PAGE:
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Best film rewatched: The LEGO Movie

Rogue One: A Star Wars Story - 4.5/5 - A fantastic return to a Galaxy far, far away. 

National Lampoon's Christmas Vacation [rewatch] - 4/5 - Chevy Chase does a fantastic job leading this feel good festive favourite, proving a hilarious treat for holiday viewing. But Randy Quaid and the remainder of the cast shouldn't be forgotten, doing fantastic work with whatever time they each have on screen.

Ghost in the Shell (1995) - 4/5 - This influential animation does a magnificent job in delivering terrific visuals, alongside some truly thought provoking themes. But by the end of it, I can't say I cared for any of the characters, who all felt less than stellar. 

Undercover Brother [rewatch] - 4.5/5 - Feeling down today, so a rewatch of this was warranted. It remains a sharp satire, fantastically written by John Ridley and utterly hilarious. Plus, Neil Patrick Harris is quite the scene stealer.

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Biggest Disappointment: The Heroes of Evil

Die Hard [rewatch] - 5/5 - The perfect festive film. At heart, we have a tale about a man attempt to reconcile with his wife over the holidays. Only with terrorists and explosions. 

Arthur Christmas - 4.5/5 - What Aardman animation have delivered here is nothing short of magnificent fun. A festive treat that hits all the right notes with wonderful animation, wonderful voice animation, feel good festivities, and pure hilarity. A real gem that I can't believe I've overlooked until now. 

Lilo & Stitch [rewatch] - 5/5 - "You came back"
"Nobody gets left behind"

Never fails to choke me up. 

Home Alone [rewatch] - 3.5/5 - Macaulay Culkin does good work as precocious child Kevin McAllister, fending off the Wet Bandits as the two attempt to murder one another. Sure, it's contrived as hell, not as funny as I once thought, and Kevin is merely the least awful one of his awful family, but it's rather enjoyable.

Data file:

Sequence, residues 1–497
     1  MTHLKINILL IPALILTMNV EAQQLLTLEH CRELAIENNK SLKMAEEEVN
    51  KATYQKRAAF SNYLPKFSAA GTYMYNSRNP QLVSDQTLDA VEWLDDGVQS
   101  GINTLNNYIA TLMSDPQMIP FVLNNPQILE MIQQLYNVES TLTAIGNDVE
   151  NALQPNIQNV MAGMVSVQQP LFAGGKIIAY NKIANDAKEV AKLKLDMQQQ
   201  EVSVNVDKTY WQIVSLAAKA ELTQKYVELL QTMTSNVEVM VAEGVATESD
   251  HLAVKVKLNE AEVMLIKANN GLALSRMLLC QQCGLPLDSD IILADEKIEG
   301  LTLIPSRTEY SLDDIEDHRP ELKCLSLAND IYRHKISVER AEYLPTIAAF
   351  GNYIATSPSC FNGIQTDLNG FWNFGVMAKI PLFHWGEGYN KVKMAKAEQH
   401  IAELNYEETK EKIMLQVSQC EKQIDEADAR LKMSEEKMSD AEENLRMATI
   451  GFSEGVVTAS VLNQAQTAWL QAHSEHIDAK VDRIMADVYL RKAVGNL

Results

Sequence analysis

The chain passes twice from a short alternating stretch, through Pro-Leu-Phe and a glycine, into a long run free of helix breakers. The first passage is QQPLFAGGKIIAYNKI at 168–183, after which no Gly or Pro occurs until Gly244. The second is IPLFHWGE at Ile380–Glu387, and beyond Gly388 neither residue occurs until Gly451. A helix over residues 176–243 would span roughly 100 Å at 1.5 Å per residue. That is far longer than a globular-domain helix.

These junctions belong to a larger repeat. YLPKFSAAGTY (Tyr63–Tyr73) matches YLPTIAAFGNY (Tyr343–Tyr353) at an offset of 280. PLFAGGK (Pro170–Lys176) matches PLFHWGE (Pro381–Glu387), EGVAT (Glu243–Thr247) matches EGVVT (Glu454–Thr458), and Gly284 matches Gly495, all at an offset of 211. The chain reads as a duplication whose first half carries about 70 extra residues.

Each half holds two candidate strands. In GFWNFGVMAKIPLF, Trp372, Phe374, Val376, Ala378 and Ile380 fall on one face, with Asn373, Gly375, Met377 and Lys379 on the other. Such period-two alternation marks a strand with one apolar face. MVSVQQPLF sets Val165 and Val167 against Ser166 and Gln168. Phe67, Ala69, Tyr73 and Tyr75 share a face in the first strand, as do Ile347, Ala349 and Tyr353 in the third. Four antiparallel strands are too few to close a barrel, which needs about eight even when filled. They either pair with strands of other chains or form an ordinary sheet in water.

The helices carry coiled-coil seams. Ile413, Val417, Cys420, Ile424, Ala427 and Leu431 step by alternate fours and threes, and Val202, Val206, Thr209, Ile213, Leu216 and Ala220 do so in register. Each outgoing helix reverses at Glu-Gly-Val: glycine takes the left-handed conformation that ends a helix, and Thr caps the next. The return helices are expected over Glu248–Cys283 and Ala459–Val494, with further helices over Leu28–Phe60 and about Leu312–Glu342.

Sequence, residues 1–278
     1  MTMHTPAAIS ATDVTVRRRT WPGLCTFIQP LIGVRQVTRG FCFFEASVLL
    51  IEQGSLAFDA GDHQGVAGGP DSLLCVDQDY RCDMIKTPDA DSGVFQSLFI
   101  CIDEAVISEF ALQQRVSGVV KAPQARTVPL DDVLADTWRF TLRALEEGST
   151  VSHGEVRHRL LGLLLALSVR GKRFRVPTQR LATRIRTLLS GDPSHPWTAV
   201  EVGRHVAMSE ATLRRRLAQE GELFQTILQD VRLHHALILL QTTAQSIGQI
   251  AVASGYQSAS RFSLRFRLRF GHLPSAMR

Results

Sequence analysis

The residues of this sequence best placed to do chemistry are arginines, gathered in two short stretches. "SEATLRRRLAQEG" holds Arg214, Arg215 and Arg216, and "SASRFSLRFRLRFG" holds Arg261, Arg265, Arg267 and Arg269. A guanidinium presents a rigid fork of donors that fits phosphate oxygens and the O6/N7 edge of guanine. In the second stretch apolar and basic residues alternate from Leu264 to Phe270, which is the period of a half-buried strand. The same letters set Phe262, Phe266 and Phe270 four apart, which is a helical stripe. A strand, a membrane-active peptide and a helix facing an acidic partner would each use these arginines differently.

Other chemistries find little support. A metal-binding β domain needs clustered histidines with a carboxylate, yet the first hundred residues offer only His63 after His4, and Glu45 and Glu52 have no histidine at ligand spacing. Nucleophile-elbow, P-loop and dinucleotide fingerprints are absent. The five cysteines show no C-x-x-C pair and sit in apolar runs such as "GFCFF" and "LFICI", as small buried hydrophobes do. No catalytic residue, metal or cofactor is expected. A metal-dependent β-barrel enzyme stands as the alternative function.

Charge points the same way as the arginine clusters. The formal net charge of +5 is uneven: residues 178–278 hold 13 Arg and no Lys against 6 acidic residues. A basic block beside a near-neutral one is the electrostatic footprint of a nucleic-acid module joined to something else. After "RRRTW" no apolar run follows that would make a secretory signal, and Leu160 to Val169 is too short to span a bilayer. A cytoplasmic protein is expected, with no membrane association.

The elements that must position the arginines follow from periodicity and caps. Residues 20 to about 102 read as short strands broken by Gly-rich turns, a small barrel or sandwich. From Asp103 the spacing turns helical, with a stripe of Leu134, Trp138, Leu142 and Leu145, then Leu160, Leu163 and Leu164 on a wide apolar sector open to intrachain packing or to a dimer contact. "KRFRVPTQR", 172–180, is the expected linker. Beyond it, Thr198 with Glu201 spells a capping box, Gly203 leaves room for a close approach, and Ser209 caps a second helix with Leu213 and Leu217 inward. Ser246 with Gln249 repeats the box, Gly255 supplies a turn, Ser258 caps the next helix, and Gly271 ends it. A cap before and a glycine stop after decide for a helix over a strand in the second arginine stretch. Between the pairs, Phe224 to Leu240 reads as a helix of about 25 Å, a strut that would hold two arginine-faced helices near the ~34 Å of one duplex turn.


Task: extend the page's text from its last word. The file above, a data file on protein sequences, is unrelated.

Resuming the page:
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Biggest Surprise: Arthur Christmas

The VVitch (2016) - 4.5/5 - For his directorial debut, Robert Eggers delivers a magnificent piece of horror which worms its way under ones skin. Delivering well crafted chills and thrills amidst an unsettling tone, helped by some powerful acting and not easily forgotten visuals, while exploring the nature of religious belief. Magnificent stuff. 

Our Kind of Traitor - 2.5/5 - Susanna White adapts the John Le Carre novel, delivering a well acted thriller that proves intriguing with its set up. Unfortunately, it manages to get delivered in a completely dull manner, especially when the focus turns to the couple at the centre of this film. Shame. 

Punch-Drunk Love - 3.5/5 - I have a feeling this is a film I'll appreciate more upon a second viewing. For now, it makes sense that Paul Thomas Anderson would help bring forth one of Adam Sandler's best performances, as he portrays the typical character we're used to seeing him as. An unlucky with love man with anger issues, only this time it's portrayed in a serious manner. He delivers tremendous emotional work, as Anderson crafts a bizarre tale which mostly comes together. 

Monster Trucks (2016) - 1.5/5 - Truly monstrous.

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Worst film of the month: Bad Santa 2

Other People - 4.5/5 - I don't think I'll hear Train's "Teardrops from Jupiter" in the same way again. Chris Kelly does one heck of a job in delivering an emotionally affecting tale, proving heartbreaking and rather hilarious, in a manner that feels real. Jesse Plemons and Molly Shannon deliver unforgettable performances, which easily ranks among the years best. 

Singin' in the Rain - 5/5 - Viewed for the first time in memory of Debbie Reynolds and, my goodness, this film is everything I needed after hearing that heartbreaking piece of news. It's an absolutely perfect delivery of utter joy, magnificent chemistry, and toe-tappingly wonderful tunes. An outright masterpiece. 

The Intervention (2016) - 3.5/5 - And thus, I've completed the 52 Films Directed By Women challenge.

For her directorial debut, Clea DuVall does competent, if not unremarkable, work. It's fantastically acted, with the cast doing great work in showcasing their individual characters problems & evolving characters. Their honest conversations work well, but the attempts at humour never really land.

The LEGO Movie [rewatch] - 5/5 - After such an awful and death filled year, it's wonderful to close out the year with such an upbeat and masterful film for all to enjoy. Everything can truly be awesome.

The Final Girls [rewatch] - 4.5/5 - Oh, so I guess I'm ending the year on this film. Remains a wonderful love letter to 80's slasher flicks, while being whip-smart, hilarious, and heartbreaking. Plus, it gets all that horror stuff just right. 



Best film of the month: Singin' in the Rain 
Best film seen in cinemas: Manchester By The Sea 
Best film watched for the first time: Singing in the Rain 
Best film rewatched: The LEGO Movie
Biggest Disappointment: The Heroes Of Evil 
Biggest Surprise: Arthur Christmas 
Worst film of the month: Bad Santa 2 

Number of films watched: 29